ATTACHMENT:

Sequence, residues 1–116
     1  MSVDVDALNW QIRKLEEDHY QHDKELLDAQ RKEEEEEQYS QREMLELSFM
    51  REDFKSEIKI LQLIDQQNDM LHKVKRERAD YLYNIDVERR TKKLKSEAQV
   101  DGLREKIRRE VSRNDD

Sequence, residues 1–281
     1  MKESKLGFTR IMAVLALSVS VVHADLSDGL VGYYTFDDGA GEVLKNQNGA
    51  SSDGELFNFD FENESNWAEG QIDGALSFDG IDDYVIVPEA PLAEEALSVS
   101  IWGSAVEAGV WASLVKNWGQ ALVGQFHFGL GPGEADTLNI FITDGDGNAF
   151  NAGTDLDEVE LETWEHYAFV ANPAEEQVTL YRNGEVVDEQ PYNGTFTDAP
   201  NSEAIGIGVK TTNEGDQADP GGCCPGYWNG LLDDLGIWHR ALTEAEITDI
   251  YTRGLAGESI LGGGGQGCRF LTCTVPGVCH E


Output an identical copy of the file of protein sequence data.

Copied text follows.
Sequence, residues 1–116
     1  MSVDVDALNW QIRKLEEDHY QHDKELLDAQ RKEEEEEQYS QREMLELSFM
    51  REDFKSEIKI LQLIDQQNDM LHKVKRERAD YLYNIDVERR TKKLKSEAQV
   101  DGLREKIRRE VSRNDD

Sequence, residues 1–281
     1  MKESKLGFTR IMAVLALSVS VVHADLSDGL VGYYTFDDGA GEVLKNQNGA
    51  SSDGELFNFD FENESNWAEG QIDGALSFDG IDDYVIVPEA PLAEEALSVS
   101  IWGSAVEAGV WASLVKNWGQ ALVGQFHFGL GPGEADTLNI FITDGDGNAF
   151  NAGTDLDEVE LETWEHYAFV ANPAEEQVTL YRNGEVVDEQ PYNGTFTDAP
   201  NSEAIGIGVK TTNEGDQADP GGCCPGYWNG LLDDLGIWHR ALTEAEITDI
   251  YTRGLAGESI LGGGGQGCRF LTCTVPGVCH E